US stocks slipped at market opening on Monday, as the Federal Reserve looks poised to raise interest rates to their highest levels since the 2008 global financial crisis when it meets on Wednesday.
Wall Street’s benchmark S&P 500 fell 0.2 per cent, while the tech-heavy Nasdaq Composite lost 0.8 per cent soon after the opening bell. The dollar was largely flat, losing 0.05 per cent, while 10-year Treasury yields rose 0.01 per cent to 3.53 per cent.
The Fed is expected to raise interest rates by a quarter of a percentage point, continuing to scale back the size of its increases. Early data have shown that the central bank’s aggressive efforts to combat inflation are bearing fruit, but chair Jay Powell could yet buck expectations that the Fed will stop raising rates and cut them later in the year.
“A key uncertainty going into the meeting will be how Powell judges the evolution of financial conditions. The main hawkish risk in this meeting is that Powell expresses his uneasiness with the recent loosening in financial conditions, and the sharp run-up in equity prices so far this year,” Thomas Costerg, senior US economist at Pictet Wealth Management, wrote in a note.
Investors are also looking ahead to Apple and Alphabet’s fourth-quarter earnings in what will be a key week for corporate results.
European stocks slipped by mid-afternoon. The region-wide Stoxx Europe 600 traded 0.2 per cent lower after fresh data showed a surprise 0.2 per cent drop in fourth-quarter German gross domestic product, just as Spain’s inflation rate rose by 5.8 per cent in the year to January, up from 5.5 per cent in December.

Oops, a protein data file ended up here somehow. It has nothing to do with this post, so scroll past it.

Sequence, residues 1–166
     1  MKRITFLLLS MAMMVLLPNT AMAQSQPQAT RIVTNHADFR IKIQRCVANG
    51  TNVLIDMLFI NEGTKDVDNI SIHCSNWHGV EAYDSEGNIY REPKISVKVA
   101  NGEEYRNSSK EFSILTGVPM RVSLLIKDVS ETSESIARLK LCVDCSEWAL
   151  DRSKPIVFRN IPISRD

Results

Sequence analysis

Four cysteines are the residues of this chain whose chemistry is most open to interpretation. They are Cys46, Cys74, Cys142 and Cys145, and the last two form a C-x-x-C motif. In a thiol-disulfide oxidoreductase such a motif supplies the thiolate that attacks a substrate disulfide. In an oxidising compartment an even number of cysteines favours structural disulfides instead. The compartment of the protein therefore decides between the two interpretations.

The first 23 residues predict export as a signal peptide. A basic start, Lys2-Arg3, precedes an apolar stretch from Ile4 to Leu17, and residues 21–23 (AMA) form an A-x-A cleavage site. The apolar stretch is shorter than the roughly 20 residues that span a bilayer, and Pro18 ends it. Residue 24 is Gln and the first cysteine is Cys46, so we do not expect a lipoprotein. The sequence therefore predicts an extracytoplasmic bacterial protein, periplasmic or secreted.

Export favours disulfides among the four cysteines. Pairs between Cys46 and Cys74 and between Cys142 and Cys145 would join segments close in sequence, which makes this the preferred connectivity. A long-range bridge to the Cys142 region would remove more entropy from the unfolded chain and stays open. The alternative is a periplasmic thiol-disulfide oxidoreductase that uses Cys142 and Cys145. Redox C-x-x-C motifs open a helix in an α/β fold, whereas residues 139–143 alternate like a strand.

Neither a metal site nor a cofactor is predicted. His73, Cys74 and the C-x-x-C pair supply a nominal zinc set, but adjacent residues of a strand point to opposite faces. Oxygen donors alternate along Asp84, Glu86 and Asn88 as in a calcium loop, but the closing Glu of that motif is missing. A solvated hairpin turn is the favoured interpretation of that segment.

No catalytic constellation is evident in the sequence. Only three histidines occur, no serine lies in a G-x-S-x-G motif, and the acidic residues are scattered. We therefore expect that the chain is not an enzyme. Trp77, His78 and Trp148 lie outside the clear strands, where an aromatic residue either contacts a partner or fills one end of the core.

The euro gained 0.2 per cent against the dollar and the yield on 10-year German Bunds rose 0.03 percentage points to 2.27 per cent. Bond yields move inversely to prices. The UK’s FTSE 100 was trading relatively flat by mid-afternoon trading.
Equity markets have rallied so far this year on growing optimism that global growth will be less anaemic than previously feared, helped by falling energy prices in Europe and China’s abrupt reversal of zero-Covid measures in place since early 2020. Yet higher equity prices are thought to raise consumer spending — exactly what central banks, which are determined to drag down inflation, are attempting to prevent.
Financial conditions have been further loosened by a weaker dollar, declining Treasury yields and tighter credit spreads, according to analysts at ING, “and it may feel that any further loosening, fuelled by talk of potential policy easing in the second half of the year, could undermine [the Fed’s] current actions in fighting inflation”.
The key question for the Bank of England, meanwhile, is whether it acknowledges its work is nearly complete. “We suspect it’s more likely to keep its options open,” the analysts said, adding that market expectations of European Central Bank rate cuts in 2024 were “premature”.
In Asia, Hong Kong’s Hang Seng index fell 2.7 per cent, dragged lower by a 6 per cent decline for Alibaba. China’s CSI 300 gained roughly 0.5 per cent.
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